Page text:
Less than a day after unveiling an ambitious plan to overhaul college affordability in the United States, former Secretary of State and Democratic front-runner Hillary Clinton was looking to bolster her argument on Twitter. Then, former Florida Gov. Jeb Bush, a Republican presidential hopeful, took a swing at her message using the same forum.

After Clinton posted a graphic pointing out the $1.2 trillion in college loan debt currently shouldered by American college students and former students, Bush wanted Twitter to know college loan debt has risen during President Barack Obama's presidency. The two politicians then engaged in a somewhat vicious back and forth using graphics to further their points.

After Clinton shot back with a graphic of her own that brought Bush's Florida colleges record into question, the former governor shot back with a redesigned version of Clinton's campaign logo. The red arrow was facing up. The message wasn't clear on the subject of college affordability, but it was more provocative.













Clinton announced Monday a $350 billion, 10-year plan to lower the cost of attending college in the United States. She told voters in New Hampshire during the rollout that "costs won't be a barrier" to a student attending college if she becomes president. She joins two other Democratic presidential hopefuls in calling for college tuition to be made more affordable.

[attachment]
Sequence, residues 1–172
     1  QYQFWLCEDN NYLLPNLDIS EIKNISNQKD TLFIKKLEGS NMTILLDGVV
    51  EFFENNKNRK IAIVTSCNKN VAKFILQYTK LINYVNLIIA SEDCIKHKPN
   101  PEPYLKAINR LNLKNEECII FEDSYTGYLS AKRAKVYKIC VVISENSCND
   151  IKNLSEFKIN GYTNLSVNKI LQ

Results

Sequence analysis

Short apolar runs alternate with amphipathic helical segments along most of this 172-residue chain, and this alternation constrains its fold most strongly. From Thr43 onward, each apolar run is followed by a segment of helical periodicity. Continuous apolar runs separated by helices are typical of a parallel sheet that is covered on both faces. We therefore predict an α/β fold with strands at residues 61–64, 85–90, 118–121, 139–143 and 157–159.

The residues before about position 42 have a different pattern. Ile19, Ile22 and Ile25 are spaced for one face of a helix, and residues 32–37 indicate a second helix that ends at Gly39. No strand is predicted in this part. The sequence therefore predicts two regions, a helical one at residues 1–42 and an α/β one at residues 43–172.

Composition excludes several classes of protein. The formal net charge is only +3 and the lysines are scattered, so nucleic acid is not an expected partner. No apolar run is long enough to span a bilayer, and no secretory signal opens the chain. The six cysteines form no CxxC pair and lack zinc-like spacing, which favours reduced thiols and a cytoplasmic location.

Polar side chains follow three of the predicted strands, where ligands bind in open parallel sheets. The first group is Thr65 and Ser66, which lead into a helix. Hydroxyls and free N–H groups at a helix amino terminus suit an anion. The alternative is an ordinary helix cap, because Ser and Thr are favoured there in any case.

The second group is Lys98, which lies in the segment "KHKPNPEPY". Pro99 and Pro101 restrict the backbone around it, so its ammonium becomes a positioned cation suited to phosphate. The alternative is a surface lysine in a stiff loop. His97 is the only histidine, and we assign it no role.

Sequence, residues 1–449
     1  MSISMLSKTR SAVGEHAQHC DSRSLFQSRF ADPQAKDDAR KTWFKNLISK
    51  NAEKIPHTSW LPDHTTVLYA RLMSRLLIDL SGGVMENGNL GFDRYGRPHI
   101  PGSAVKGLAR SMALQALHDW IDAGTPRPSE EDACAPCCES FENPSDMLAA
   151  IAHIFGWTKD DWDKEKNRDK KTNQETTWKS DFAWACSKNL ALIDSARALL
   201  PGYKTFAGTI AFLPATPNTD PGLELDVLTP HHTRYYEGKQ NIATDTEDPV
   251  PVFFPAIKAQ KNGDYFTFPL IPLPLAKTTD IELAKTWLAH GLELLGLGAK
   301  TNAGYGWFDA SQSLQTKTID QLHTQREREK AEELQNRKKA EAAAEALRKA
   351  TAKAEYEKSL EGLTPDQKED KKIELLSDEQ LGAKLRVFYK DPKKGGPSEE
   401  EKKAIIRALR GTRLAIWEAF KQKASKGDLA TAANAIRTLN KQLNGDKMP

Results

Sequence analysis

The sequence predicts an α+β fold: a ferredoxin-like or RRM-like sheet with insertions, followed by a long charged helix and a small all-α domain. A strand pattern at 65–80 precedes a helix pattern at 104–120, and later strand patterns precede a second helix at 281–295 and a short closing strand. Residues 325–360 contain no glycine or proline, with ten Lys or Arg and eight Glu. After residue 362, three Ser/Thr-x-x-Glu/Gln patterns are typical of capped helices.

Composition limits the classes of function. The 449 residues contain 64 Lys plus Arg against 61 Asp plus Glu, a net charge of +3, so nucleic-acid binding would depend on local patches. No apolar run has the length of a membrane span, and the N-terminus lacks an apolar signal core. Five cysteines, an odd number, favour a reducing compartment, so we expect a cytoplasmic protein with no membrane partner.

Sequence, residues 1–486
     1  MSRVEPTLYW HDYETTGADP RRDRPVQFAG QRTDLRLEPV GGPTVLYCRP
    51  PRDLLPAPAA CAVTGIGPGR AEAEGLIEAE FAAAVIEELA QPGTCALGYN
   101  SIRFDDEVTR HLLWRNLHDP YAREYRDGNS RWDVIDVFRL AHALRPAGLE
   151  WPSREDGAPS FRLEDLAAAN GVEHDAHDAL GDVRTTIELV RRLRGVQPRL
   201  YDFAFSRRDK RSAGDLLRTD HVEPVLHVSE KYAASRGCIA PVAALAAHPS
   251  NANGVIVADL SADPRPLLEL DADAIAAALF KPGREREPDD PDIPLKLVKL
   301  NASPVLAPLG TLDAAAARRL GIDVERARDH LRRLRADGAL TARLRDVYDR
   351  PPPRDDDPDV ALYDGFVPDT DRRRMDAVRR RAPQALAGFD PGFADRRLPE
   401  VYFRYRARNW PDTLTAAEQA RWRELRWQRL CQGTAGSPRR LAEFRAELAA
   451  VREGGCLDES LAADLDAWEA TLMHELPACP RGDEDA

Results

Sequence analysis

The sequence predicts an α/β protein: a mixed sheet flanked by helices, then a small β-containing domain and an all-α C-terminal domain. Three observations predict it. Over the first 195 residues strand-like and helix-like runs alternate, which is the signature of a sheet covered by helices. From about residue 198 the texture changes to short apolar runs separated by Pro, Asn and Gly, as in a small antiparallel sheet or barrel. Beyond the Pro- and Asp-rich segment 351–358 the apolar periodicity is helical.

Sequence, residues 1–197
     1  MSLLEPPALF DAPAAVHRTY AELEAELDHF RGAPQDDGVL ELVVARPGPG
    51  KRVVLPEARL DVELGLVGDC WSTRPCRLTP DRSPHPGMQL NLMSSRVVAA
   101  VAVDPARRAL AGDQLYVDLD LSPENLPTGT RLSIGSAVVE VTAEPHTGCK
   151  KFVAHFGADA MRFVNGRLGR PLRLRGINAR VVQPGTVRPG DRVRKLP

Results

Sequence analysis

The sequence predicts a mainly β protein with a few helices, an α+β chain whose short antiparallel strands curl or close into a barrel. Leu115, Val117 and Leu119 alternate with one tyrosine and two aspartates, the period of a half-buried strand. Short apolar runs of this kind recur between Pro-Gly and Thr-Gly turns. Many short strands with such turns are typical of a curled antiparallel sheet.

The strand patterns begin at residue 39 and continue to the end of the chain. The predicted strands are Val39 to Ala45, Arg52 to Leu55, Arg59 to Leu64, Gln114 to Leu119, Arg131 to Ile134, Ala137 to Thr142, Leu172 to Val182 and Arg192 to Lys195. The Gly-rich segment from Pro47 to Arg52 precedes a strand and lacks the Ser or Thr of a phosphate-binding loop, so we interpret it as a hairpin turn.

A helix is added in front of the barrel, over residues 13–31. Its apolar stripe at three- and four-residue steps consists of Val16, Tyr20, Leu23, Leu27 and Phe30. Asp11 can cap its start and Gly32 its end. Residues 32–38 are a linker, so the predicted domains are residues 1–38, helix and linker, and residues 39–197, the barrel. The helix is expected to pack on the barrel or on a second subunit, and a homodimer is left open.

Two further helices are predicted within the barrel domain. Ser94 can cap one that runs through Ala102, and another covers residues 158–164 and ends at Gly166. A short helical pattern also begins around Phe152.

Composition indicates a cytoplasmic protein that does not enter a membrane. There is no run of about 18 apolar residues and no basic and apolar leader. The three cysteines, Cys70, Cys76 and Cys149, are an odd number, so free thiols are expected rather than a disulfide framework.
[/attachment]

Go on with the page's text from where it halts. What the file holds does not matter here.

"College is supposed to help people achieve their dreams, but more and more, paying for college actually pushes those dreams further and further out of reach," Clinton said. "That is a betrayal of everything college is supposed to represent."

She would achieve the lowered financial burden, she said, by issuing more low-interest grants and loans through the federal government. The federal government wouldn't make money off student loans if she were president, she said.